Should you be allowed to pick your kid's sex?
It is sometimes ethical to let parents choose their children's sex, according to John Robertson, acting chairman of the ethics committee for the American Society for Reproductive Medicine. This opinion set off a storm of controversy last week.
Attempts to select children's sex have a long history, from the herbal nostrums recommended by traditional healers to more recent therapists' advice about which forms of intercourse are allegedly likely to produce girls or boys. Sex selection has become a national crisis in India and China, where cheap mobile ultrasound clinics travel the countryside testing pregnant women. Women who discover that their fetus is female often opt for legal abortions. This practice has reportedly skewed sex ratios from the natural 106 boys to 100 girls to as high as 130 boys to 100 girls. Such results led both China and India to ban ultrasound testing for the purpose of sex selection.
In the United States, there is little evidence that abortion is used for the purposes of sex selection. There are, however, a variety of new techniques that can help parents select their next child's sex. Consider flow cytometry, a method for sex selection in farm animals that fertility specialists have now adapted for human beings. This technology tags sperm bearing X chromosomes (those which determine females) and sperm bearing Y chromosomes (those which determine males) with different fluorescent dyes so that they can be segregated into different batches. Once the sperm have been segregated, they may be used in either artificial insemination or in vitro fertilization to produce a child of the desired sex. This MicroSort service was first offered to clients at the Genetics and IVF Institute in Fairfax, Virginia; 10 of the first 11 babies born using it were girls. (Sperm segregation can also help prospective parents avoid giving birth to a male child that suffers from one of the many X-linked genetic diseases, such as hemophilia.) Fertility specialists refer to MicroSort as pre-conception sex selection, or PSS.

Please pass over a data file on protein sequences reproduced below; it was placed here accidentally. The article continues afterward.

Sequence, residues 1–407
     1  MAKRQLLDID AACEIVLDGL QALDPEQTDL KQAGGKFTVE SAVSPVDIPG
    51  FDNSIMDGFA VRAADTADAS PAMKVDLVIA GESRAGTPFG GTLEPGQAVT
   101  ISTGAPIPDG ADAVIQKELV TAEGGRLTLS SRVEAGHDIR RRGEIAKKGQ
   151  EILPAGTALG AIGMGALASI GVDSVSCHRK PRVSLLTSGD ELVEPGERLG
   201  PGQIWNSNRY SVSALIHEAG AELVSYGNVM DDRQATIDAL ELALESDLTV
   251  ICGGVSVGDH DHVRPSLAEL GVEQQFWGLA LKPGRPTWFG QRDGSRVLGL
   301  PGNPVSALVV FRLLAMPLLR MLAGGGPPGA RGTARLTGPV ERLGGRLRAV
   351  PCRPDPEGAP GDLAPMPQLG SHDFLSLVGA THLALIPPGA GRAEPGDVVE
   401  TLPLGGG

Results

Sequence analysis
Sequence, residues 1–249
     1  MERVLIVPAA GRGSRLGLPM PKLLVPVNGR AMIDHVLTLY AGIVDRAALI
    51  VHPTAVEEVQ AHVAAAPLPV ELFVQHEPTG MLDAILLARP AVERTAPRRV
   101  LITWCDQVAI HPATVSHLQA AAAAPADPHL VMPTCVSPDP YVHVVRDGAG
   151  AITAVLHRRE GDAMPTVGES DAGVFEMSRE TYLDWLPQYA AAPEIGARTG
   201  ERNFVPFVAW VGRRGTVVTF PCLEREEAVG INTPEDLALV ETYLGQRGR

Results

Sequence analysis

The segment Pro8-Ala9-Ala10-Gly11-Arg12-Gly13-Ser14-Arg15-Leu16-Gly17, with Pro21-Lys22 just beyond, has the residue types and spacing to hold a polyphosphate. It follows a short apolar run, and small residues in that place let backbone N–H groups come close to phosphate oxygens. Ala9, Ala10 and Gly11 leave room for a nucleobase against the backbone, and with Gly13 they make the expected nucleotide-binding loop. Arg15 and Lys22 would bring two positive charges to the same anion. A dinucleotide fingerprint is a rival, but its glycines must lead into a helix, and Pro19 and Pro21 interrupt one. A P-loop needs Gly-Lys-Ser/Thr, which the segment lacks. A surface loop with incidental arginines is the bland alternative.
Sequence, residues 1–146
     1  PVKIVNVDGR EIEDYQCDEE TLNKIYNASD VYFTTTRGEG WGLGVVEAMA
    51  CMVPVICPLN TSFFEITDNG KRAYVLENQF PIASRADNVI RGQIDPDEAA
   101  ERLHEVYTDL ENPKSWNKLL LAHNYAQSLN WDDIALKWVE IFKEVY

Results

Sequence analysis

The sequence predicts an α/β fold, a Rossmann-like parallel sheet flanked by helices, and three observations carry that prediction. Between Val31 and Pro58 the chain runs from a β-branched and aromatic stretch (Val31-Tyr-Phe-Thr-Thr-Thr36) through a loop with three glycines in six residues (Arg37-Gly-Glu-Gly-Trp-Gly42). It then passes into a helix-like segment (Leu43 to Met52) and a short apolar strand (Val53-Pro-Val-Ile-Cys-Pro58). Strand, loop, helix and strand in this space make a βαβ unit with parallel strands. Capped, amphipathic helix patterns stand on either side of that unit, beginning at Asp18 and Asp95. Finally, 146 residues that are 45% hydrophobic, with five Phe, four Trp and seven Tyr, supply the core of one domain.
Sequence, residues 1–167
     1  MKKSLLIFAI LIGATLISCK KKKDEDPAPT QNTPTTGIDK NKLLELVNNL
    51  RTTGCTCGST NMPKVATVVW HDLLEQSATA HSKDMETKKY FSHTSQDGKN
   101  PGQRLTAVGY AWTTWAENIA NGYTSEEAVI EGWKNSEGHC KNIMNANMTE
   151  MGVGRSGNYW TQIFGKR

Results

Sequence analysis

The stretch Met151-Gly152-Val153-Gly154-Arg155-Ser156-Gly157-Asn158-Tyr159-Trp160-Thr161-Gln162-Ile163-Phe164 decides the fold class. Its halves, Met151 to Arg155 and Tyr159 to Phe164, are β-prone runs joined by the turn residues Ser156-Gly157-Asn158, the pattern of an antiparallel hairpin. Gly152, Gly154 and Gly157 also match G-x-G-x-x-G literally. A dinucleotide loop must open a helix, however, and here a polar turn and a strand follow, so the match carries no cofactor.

In an ethical statement issued earlier this year, the American Society for Reproductive Medicine concluded that if PSS is found to be safe and effective, "physicians should be free to offer pre-conception gender selection in clinical settings to couples who are seeking gender variety in their offspring." ("Gender variety" means that parents would be choosing to have a baby of the sex opposite that of their first child.) The committee added some important caveats, including requirements that patients be fully informed of the risks of failure and that they give assurance that they will fully accept children of the opposite sex should the PSS fail.
And it might fail. The sperm-separating technique is not perfect: Batches of sperm intended to produce males typically contain 73 percent Y chromosome sperm while the female batches contain 90 percent X chromosome sperm. So some fertility doctors want to offer their patients a technique with a nearly 100 percent chance of producing a child of the desired sex: pre-implantation embryo selection. "We will offer it immediately," Norbert Gleicher of the Center for Reproductive Medicine told the New York Times. Gleicher notes that in the last three months alone, some 30 to 40 couples had him asked about this method.
In pre-implantation sex selection, prospective parents' eggs and sperm are combined in a petri dish producing several embryos. Doctors then take a single cell from each embryo and test it to see which chromosome it bears. Only embryos of the desired sex are implanted in a woman's womb. The chances that this technique will result in a successful pregnancy that comes to term are similar to those of in vitro fertilization in general: about 20 to 30 percent. This type of sex selection is not cheap—costs run around $20,000 per attempt.